As seen in Fig. 5, the LMS stars have significantly larger Pb/Eu ratios than the r-II stars, independent of either LTE or non-LTE. Excluding a clear outlier, i.e., the star HD 108317 ([Fe/H]  =  −2.18, log εNLTE(Pb/Eu) = 1.91), we calculated the mean log εLTE(Pb/Eu) = 0.93 ± 0.23 and log εNLTE(Pb/Eu) = 1.19 ± 0.24 for the 28 LMS stars. We conclude that the s-process in AGB stars started to produce lead before the Galactic metallicity had reached [Fe/H]  =  −2.3. The low-metallicity s-process nuclesynthesis calculations (Roederer et al. 2010; Lugaro et al. 2012) do not contradict this observational finding. Roederer et al. (2010) presented the surface composition at the end of the AGB phase for a number of intermediate-mass models with [Fe/H]  =  −2.3 and M = 4.5−6   M. The minimum value produced by those models is . Given sufficient time, their contributions could result in an increase of the Galactic Pb/Eu abundance ratio above the pure r-process value. Earlier, from analyses of the stellar (Ba, La, Nd)/(Eu, Dy) abundance ratios, Burris et al. (2000) and Simmerer et al. (2004) obtained evidence that the s-process might be active as early as [Fe/H]  =  −2.3 and  − 2.6, respectively.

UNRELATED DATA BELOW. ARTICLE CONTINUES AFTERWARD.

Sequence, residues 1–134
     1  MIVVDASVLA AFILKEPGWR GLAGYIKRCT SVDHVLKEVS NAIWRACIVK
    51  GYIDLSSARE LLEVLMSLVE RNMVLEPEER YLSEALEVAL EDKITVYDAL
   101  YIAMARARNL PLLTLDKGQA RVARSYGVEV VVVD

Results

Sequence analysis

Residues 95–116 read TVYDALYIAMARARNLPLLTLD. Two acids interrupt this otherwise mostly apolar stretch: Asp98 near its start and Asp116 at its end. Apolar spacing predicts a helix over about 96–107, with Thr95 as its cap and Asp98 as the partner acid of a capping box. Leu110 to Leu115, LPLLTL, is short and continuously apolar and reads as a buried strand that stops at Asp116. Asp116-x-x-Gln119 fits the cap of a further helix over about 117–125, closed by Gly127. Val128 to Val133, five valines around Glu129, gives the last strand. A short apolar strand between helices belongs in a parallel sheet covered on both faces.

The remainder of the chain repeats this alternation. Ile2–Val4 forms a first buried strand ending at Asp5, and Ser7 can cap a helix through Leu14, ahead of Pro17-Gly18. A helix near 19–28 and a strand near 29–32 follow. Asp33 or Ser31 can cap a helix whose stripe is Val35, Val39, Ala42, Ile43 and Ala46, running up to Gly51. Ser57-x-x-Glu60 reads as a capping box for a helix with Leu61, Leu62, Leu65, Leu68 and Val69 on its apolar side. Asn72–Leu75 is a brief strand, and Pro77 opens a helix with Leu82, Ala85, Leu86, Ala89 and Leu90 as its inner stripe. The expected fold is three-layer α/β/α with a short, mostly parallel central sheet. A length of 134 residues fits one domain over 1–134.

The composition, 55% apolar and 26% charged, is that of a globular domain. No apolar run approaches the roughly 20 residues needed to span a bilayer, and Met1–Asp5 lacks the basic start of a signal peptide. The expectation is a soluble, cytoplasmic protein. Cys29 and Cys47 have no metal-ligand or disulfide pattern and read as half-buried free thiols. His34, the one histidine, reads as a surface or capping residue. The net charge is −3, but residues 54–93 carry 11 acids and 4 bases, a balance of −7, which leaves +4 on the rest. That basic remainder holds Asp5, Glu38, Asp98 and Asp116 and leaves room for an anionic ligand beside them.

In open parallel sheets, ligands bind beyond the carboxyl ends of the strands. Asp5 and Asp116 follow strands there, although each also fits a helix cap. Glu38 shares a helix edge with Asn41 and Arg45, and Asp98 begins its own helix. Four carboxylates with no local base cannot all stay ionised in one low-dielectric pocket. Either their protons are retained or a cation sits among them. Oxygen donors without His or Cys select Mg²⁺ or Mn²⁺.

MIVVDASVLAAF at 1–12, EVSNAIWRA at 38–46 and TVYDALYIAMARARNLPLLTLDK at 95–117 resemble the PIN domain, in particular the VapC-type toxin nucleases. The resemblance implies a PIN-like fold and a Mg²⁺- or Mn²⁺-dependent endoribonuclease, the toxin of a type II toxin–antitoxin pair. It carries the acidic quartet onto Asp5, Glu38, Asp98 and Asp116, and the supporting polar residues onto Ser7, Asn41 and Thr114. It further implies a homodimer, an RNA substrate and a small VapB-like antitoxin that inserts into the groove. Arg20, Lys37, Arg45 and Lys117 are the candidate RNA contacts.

For the MMPS stars, the derived mean log εNLTE(Pb/Eu) = 1.58 ± 0.31 is very close to the Solar System value of log εmet(Pb/Eu) = 1.53 (Lodders et al. 2009). This supports the theoretical result of Travaglio et al. (2001), who predicted that the AGB stars with [Fe/H]  ≃  −1 made the greatest contribution to the solar abundance of s-nuclei of lead. We note that LTE leads to a Pb/Eu abundance ratio that is 0.22 dex lower for the MMPS stars. The star G 58-25, with [Fe/H]  =  −1.40 and log εNLTE(Pb/Eu) = 2.28, was not included in the mean calculations.